This is an opinion piece. The views expressed in this article are those of the author alone and are not a reflection of Ping! as a whole.
A new academic year has begun. Just last month, the first cohort of freshers was inducted and introduced to Parliament and the Felicity Committee. However, due to COVID-19, these bodies have not appointed new members in several months. The difficulty of conducting elections and campaigns has played a direct role in this, throwing their plans in the air. In this piece, we interview these bodies and the election commission to clarify the situation.
For the uninformed, the Parliament at IIIT-H is a student body that serves to represent the population in decision-making. The Election Commission, set up in 2018, was a significant step up towards the formalization of the election process. The Parliament consists of a whole host of positions specific to various tasks, spearheaded by the General Secretary with the Speaker presiding over the meetings.
To get the anticipated news out of the way, let’s start with the situation regarding the awaited annual fest – Felicity, managed by the Felicity Committee and the Felicity Steering Committee. Elections for the Felicity Committee are usually held before the heat of summer settles. This pandemic has ensured the delay of the election, and hence, the same is yet to be voted in.
The spread of COVID-19 has ensured that only a handful of students remain on campus, while the vast majority nest at home. With only four months left for the usual schedule of the fest, the idea of Felicity taking place seems improbable on the surface, given the circumstances. However, as per the Felicity team, there happens to be a slight chance that the situation might improve, and the mood of the camp and faculty says that, should the scenario become favourable, the fest will take place. And should that happen, heavy precautions will be pitched, with no personnel who aren’t members of IIIT-H, and with little external help. All this should be unsurprising, as health and safety take precedence.
On inquiring with the Election Commission, we found that students can expect the election schedule for the Felicity Committee to be out positively by the end of this week. IMS Portals, which help verify the votes, are being set up by the Parliament, the Election Commission, and the IT Team, who will collaborate and organize the elections this time.
The previous general secretary has stepped down on account of his graduation. Sunil Anumolu, the last Speaker, and Shivaan Sehgal, also a Member of the Parliament, have taken up the mantle of the interim General Secretary and interim Speaker, respectively, on account of the ongoing pandemic. There is no established “New Structure for the Parliament”, per se, but the tenures of those currently holding positions have increased.
Similar to all the other proceedings this year, the Parliamentary elections will be organized online. Every student can enter as a candidate, and all of them are given time to campaign and present their manifestos. The elections will be held on the IMS portal as soon as the IT department can finish the setup.
As far as UG1 elections for the parliament are concerned, it will be held in the next semester. Organizing the elections online seems a bit too simplistic. Until now, elections have usually been multi-part, week-long ventures complete with nominations and campaigning. But now, everything will have to be shifted online. In these circumstances, how will the same standards be upheld? This remains to be seen.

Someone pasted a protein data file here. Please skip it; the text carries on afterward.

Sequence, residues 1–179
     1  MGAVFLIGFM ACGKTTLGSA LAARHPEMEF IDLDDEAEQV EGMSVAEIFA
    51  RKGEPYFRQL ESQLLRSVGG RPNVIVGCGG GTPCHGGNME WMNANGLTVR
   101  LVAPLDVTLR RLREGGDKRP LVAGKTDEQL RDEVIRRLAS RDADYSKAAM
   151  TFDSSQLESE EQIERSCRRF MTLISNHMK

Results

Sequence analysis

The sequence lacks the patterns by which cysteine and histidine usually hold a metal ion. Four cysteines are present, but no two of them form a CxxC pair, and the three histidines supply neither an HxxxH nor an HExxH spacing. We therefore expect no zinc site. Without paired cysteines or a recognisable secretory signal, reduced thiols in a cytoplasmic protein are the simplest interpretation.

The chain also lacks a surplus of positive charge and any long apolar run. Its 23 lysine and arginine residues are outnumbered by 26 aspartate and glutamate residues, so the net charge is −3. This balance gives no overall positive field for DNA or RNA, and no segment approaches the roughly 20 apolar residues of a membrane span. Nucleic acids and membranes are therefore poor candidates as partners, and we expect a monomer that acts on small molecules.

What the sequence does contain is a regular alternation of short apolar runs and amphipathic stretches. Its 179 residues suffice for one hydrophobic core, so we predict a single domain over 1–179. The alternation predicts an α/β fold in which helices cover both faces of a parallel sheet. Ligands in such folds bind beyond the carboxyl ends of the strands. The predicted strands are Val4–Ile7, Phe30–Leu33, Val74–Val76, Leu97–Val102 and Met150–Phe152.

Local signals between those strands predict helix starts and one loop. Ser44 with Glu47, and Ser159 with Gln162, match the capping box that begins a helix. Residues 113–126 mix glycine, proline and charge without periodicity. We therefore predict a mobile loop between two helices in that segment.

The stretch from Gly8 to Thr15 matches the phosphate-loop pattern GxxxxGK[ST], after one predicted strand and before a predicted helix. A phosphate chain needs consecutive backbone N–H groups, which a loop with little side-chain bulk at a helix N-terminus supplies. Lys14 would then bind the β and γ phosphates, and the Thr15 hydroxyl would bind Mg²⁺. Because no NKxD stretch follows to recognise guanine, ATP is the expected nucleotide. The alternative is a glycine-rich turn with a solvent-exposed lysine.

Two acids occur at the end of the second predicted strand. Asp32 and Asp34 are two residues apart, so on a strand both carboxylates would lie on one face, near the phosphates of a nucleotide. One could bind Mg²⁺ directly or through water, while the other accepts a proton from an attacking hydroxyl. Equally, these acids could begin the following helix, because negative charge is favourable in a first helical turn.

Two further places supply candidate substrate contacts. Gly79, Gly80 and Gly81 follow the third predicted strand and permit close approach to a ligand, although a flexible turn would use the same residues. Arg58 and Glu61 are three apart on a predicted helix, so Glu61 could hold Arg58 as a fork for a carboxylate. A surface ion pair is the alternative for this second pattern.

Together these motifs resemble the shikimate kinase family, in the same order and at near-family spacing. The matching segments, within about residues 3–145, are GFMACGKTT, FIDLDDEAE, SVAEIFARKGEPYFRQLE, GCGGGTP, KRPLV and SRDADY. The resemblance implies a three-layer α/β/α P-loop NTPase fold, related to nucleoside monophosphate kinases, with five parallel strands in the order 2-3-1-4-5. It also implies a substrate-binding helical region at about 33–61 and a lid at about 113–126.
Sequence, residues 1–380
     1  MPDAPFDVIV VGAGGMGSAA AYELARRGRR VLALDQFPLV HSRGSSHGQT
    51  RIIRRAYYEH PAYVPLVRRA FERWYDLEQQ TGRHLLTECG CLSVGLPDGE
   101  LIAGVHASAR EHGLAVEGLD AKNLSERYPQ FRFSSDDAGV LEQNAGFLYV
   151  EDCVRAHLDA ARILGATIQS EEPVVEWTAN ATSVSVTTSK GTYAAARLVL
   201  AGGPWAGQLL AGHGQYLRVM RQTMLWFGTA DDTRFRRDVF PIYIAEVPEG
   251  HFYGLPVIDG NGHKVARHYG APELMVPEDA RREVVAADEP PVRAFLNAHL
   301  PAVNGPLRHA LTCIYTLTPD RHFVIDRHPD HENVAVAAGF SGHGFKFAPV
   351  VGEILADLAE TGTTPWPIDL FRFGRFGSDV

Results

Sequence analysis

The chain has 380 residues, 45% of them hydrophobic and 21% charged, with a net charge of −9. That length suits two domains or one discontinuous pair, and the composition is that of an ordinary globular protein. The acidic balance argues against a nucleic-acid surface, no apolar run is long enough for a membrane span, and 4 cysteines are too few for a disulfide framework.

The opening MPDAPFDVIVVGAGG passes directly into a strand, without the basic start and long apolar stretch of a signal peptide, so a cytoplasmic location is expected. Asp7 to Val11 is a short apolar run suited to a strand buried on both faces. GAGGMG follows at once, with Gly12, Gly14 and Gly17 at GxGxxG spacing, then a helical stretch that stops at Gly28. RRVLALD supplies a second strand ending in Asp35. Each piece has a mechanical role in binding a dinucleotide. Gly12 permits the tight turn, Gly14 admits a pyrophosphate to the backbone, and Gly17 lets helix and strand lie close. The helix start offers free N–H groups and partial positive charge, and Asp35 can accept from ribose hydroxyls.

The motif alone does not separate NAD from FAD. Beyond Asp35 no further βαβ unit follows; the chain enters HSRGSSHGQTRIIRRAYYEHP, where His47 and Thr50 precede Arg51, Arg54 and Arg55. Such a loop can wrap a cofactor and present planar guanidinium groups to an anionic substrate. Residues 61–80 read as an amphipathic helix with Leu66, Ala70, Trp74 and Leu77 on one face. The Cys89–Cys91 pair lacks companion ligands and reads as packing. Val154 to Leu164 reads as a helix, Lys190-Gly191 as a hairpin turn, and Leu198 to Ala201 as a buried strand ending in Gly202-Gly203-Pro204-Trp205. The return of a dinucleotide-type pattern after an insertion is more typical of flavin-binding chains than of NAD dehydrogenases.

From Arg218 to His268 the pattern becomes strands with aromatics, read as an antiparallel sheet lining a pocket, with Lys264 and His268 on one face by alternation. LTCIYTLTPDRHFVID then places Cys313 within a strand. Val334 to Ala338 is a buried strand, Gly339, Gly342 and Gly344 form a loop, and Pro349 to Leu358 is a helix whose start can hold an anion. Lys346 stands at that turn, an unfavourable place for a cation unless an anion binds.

Finally, to paraphrase a piece of information obtained from a member of the Parliament: “Forms isn’t a viable option and hence the resolution is to use IMS for conducting elections. This portal will be used (invariably) for all the elections that will be held on the campus (General Elections for Student’s parliament held twice – UG1 & Rest, and the Felicity elections held once).”
Only a small percentage of IIIT has been in touch with small groups of freshers during the induction period held, hosted by their respective mentors and Apex heads. Consequently, the Parliament can’t have a viable idea of the freshers’ aptitude. Adding to that, even the freshers themselves wouldn’t be entirely sure of their batchmates’ capabilities.
The selection of members is made based on their leadership qualities and their ability to find solutions to the various issues that students face. These cannot be interpreted through listening to a voice and seeing a pixelated image of a student, not to mention the complete absence of any reliable metrics of judgment. Thus, a different approach is required.
Even if the elections are held, regardless of the means, it might not be too bad an idea to have them afresh for UG2K20 when they move to the campus the following academic year, when their contributions are seen with a closer eye. There is no complete “right answer” to this, but as of now, the best one is to give it some time. The freshers will take their time to settle in, interact with each other and with seniors, participate in clubs, and gain as much “exposure” as possible while idling at home. This won’t give anyone a comprehensive idea of their proficiency in aspects of supervision, but is, presently, the best course of plan to judge their competence.
As cliché as it may seem, this is one case in which “time will tell”. The entire year has been one of complete uncertainty and surprise, so trying to see too much into plans based on the present can only get us so far.
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